Amazon is about to introduce yet another attempt at an e-book, the NYT reports. The Kindle will go on sale this fall for $400 to $500. The NYT summarizes the many failed attempts to introduce e-books, and wonders if this one will finally succeed. It won’t.
That’s because this e-book, like last year’s Sony Reader and every e-book before it, asks consumers to change their behaviour and offers little in return. Existing book technology works pretty darn well, and the only advantage the e-book offers is the chance to put multiple books on one device. But most of us only read one book at a time. The Kindle has wi-fi, so you can download books, magazines and newspapers on the go. Or you could just buy any one of the many smartphones that already let you do that.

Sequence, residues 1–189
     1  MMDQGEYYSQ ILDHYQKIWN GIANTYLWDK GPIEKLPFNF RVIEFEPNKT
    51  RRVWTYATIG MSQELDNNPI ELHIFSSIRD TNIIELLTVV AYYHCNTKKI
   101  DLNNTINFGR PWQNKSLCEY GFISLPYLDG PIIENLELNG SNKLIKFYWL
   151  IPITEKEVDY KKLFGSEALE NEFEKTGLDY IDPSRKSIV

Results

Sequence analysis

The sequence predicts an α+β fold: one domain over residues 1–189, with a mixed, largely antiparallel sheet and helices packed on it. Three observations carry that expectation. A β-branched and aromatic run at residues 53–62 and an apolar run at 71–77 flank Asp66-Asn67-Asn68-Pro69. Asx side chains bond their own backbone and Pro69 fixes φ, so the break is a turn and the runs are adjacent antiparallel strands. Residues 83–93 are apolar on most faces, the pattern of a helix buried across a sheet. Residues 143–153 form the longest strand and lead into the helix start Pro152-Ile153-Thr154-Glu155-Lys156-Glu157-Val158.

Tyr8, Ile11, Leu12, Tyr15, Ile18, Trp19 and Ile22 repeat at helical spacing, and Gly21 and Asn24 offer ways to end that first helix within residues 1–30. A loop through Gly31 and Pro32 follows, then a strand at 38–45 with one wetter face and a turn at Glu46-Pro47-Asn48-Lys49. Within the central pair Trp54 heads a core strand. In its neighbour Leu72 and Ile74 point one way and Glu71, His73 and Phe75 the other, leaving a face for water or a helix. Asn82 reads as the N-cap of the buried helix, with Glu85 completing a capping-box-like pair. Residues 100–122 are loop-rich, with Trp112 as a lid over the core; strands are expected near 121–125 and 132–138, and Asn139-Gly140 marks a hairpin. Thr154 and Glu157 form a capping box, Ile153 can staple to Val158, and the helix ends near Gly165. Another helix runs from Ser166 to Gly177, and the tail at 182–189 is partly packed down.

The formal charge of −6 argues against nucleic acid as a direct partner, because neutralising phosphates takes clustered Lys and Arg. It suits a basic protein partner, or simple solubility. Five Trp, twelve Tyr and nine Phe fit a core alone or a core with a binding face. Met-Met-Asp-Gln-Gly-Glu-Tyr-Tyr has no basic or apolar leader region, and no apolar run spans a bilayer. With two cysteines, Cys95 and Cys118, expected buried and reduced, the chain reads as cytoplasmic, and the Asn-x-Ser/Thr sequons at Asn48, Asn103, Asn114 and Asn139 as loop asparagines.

There’s no price advantage for consumers, either: Even though e-book titles cost much less than physical books to produce and distribute, Kindle — terrible name! — buyers will be asked to spend roughly the same amount on e-books as they do for traditional books. Otherwise publishers and authors won’t sign off on the venture.
The Times suggests that the introduction of Sony’s Reader and Amazon’s Kindle may be analogous to the iPod/iTunes introduction in 2003. But the iPod didn’t ask consumers to do something new (portable music had been around for two decades), and it didn’t ask consumers to spend any more money (they can, and do, fill their iPods with songs they acquire on their own, not through the iTunes store). NYT